SOPA Images / SOPA Images / LightRocket via Getty Images
West Virginia will use the U.S. Postal Service and an online account this summer to communicate with Medicaid enrollees about the expected impact of the COVID-19 health crisis, which will leave recipients the risk of losing their cover.
What West Virginia doesn’t do is use a form of communication everywhere: email.
“West Virginia is not set up to enroll its members,” Allison Adler, the state Medicaid spokeswoman, wrote to KHN in an email.
In fact, most state Medicaid programs don’t hit enrollees as quickly as they can about changing their coverage. A Kaiser Family Foundation report published in March found that 11 states said they would use email to alert Medicaid recipients about the impact of the COVID health crisis. In addition, 33 states plan to use snail mail and about 20 will go with mobile phones or not.
“I don’t care when most people talk today,” said Kinda Serafi, a partner with consulting group Manatt Health.
State Medicaid agencies have been preparing for months for the end of the health crisis. As a COVID assistance law passed in March 2020, Congress has prohibited states from removing anyone from Medicaid coverage unless they move out of the state during a health crisis. Once the crisis is over, state Medicaid officials will need to re -evaluate the eligibility of each enrollee. Millions of people could lose their coverage if they had too much or did not provide the information needed to prove their income or livelihood.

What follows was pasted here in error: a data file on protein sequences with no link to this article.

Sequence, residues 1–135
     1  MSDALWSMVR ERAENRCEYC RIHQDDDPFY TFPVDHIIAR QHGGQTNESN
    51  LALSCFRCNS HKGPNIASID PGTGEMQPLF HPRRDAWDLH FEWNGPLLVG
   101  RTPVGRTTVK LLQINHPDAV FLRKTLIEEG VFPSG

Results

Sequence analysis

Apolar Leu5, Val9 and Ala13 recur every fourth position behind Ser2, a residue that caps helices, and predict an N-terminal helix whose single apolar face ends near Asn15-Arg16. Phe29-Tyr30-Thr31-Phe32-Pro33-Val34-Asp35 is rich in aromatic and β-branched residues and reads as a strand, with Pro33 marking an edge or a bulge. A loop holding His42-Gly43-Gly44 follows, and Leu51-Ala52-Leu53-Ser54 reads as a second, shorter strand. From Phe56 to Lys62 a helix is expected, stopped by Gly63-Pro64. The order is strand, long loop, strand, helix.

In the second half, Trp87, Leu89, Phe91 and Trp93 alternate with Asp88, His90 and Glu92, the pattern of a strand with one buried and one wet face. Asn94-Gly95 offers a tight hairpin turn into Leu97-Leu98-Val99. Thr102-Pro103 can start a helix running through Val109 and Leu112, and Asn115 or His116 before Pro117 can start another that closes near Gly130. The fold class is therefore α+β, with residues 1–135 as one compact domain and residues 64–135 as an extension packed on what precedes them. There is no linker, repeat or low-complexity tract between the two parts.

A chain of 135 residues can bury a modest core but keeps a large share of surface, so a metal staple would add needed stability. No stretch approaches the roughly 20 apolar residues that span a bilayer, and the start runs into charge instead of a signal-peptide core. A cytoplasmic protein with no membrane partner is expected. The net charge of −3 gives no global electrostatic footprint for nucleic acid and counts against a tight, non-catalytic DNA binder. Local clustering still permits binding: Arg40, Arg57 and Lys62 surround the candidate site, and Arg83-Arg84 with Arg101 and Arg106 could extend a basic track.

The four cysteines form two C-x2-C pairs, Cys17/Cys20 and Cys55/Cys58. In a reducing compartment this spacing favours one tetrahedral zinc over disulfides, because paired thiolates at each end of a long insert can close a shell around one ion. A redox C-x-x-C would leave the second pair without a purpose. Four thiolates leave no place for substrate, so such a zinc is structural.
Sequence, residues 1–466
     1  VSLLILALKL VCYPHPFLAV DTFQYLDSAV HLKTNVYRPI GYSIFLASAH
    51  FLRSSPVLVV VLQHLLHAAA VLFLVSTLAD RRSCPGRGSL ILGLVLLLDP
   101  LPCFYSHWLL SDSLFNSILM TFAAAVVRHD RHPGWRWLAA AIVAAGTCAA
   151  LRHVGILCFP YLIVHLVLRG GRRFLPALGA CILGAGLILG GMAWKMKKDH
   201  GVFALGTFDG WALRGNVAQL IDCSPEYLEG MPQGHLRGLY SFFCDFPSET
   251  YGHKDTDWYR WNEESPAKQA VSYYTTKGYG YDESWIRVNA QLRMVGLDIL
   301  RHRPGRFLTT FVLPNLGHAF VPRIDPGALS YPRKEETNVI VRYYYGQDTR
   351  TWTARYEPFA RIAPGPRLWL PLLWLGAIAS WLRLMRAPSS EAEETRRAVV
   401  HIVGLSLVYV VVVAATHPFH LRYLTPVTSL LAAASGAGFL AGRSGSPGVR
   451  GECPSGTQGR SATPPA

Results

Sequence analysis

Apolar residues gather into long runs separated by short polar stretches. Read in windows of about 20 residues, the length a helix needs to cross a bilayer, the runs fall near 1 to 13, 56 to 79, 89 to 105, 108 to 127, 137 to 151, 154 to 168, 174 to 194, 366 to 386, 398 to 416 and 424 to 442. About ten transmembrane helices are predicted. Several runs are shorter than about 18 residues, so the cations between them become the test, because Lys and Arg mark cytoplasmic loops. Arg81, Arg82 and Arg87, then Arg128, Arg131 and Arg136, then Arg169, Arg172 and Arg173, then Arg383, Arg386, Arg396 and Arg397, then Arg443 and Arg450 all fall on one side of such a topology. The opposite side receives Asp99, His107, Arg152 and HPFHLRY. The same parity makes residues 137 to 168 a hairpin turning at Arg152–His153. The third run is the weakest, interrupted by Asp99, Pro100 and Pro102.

By November 2021, about 86 million people will be enrolled in Medicaid, according to the Centers for Medicare & Medicaid Services. It rose to 71 million in February 2020, before COVID began to wipe out the nation.
West Virginia has more than 600,000 Medicaid enrollees. Adler said about 100,000 of them will lose their rights as a result of a health crisis because the state has decided they are ineligible or have not responded to requests to increase their awareness. make up.
“Email is a frustrating way to meet people in their area and this is no longer seen by the states,” said Jennifer Wagner, director of Medicaid eligibility and enrollment for at the Center on Budget and Policy Priorities, Washington-based. research team.
The problem with relying on the Post Office is that a message can be hidden in “junk” mail or can reach people who have moved or are homeless, Serafi said. And email, if people have an account, can eliminate spam files, he said.
In comparison, research shows low -income Americans are as likely to have cell phones and cell phones as the general population. And a lot of people still use email.
In Michigan, Medicaid officials began using email to communicate with enrollees in 2020 after building a system with the help of federal COVID funding. They said email was a valuable way for subscribers to reach out.
“Paying us 2 cents for each email is very simple,” said Steph White, a registrar for the Michigan Department of Health and Human Services. “It’s a very good return on money.”
CMS officials told states they would consider email, as well as other forms of communication, when trying to reach enrollment in the event of a health crisis. But the states did not have the technology or the knowledge to register registrars.